In the Chinks of the World Machine is divided into two sections, the first of which is an overview organized around a series of issues and areas of concern which include considerations of representation in the SF text, examinations of varieties of utopia and dystopia, an all-too-brief study of the treatment of romantic love in feminist SF, and analyses of the ideologies of sex-role reversal narratives and of the tensions between authority and sentiment in SF texts by women. During the course of these investigations, Lefanu includes fairly detailed readings of works such as Marion Zimmer Bradley's The Ruins of Isis, Marge Piercy's Woman on the Edge of Time, Angela Carter's Heroes and Villains, and Pamela Zoline's "The Heat Death of the Universe"--readings which are almost always fresh and insightful. For many reasons, not the least of which is the impressive range of Lefanu's coverage, this first section is (at least from my point of view) the most interesting and rewarding of the two.

The second half of the book is comprised of four chapters devoted to close readings of the works of James Tiptree, Jr, Ursula Le Guin, Suzy McKee Charnas, and Joanna Russ. I have mixed feelings about Lefanu's choices in this section, not least because they are all American writers. One of the real strengths of her first section is the familiarity which she brings to the works of British writers like Zo Fairbairns and Naomi Mitchison, who are frequently overlooked by North American critics. Admittedly, there is simply more American than British SF, but the cultural differences between the two bodies of work would seem to make it appropriate to devote at least one chapter to a writer like Angela Carter or Tanith Lee.

In fact, Lefanu herself points out that Carter "is a writer that science fiction fans can boast of for taking SF out of the ghetto and revealing its seriousness to a sceptical world" (p. 79). She is also a writer who has been sadly neglected by the American SF community. While Natalie M. Rosinsky includes a rare discussion of Carter's The Passion of New Eve in her Feminist Futures: Contemporary Women's Speculative Fiction (Ann Arbor, MI: UMI Research Press, 1985), she barely mentions Carter's wonderfully baroque post-apocalyptic novel, Heroes and Villains. Lefanu's absorbing analysis of Heroes and Villains in her chapter on "The Vicissitudes of Love" is, therefore, particularly welcome.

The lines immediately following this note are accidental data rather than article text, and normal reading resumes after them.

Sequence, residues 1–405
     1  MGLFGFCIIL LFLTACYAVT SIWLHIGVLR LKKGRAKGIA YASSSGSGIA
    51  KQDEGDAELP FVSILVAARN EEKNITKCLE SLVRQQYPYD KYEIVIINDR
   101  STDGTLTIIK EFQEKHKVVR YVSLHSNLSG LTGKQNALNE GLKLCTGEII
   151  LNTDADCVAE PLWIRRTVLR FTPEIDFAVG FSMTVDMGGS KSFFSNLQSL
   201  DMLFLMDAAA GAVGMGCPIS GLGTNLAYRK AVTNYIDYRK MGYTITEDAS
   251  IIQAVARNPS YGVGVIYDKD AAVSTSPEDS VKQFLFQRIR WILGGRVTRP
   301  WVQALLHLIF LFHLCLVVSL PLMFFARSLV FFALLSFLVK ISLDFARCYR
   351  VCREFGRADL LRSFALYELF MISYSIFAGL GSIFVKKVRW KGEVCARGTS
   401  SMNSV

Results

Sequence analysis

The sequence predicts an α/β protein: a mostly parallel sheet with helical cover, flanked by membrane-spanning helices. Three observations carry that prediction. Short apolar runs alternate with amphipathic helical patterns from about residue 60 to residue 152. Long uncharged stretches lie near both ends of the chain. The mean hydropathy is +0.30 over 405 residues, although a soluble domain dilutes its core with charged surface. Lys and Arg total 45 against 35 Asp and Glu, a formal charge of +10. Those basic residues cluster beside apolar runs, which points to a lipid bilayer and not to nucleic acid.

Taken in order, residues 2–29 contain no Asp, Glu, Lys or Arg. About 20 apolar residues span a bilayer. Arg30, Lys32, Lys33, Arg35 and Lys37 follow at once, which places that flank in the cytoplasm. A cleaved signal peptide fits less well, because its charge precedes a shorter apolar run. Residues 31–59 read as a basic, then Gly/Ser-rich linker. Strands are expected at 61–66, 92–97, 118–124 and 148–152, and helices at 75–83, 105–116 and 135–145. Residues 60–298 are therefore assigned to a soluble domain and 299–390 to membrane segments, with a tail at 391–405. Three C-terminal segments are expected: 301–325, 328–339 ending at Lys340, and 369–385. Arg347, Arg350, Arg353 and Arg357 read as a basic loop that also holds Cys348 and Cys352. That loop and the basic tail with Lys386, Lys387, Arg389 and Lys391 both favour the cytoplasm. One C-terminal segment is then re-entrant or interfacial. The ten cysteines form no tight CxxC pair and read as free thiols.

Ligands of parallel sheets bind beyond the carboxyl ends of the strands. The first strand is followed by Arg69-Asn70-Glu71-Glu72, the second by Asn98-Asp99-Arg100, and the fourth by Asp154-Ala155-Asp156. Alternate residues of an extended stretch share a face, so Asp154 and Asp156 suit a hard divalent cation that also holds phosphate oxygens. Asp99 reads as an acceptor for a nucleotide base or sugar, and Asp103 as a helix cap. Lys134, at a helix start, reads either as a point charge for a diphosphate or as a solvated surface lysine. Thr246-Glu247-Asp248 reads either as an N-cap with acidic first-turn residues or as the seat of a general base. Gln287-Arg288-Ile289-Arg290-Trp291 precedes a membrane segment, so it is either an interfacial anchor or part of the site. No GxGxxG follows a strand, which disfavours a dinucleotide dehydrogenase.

One of the most enjoyable aspects of the four in-depth studies included in Lefanu's volume is that they develop as dialogues with the writers she is reading. She makes frequent and cogent use of their own commentaries so that, for example, we are treated to details of Tiptree's commentary-in-disguise written for the 1975 symposium on "Women and Science Fiction," which was subsequently published as the double issue Khatru 3 & 4. The success with which Tiptree sustained her masquerade (a term which perhaps too easily implies a division of "reality" from "appearance") led to her eventual withdrawal from the symposium: "the women found her male persona too irritating to deal with" (p. 106). Excerpts from Le Guin's essays in The Language of the Night, from Charnas's "A Woman Appeared" (collected in Marleen S. Barr's Future Females: A Critical Anthology [1981]), and from various essays and stories by Russ provide a fascinating counterpoint to Lefanu's own analyses of the SF works of these writers.

As Lefanu demonstrates, SF can offer feminist writers a particularly useful narrative form through which to construct imaginative resistances to the limitations of gender representation which seem to constrain realist fiction. She relates this to the ability of SF to estrange aspects of the "real" in ways which indicate its contingent and arbitrary nature, and which, at the same time, can both challenge and criticize the structures of the "real." For feminist writers, then, SF provides a space in which to construct female subjectivity while providing as well a space from which to deconstruct that same subjectivity.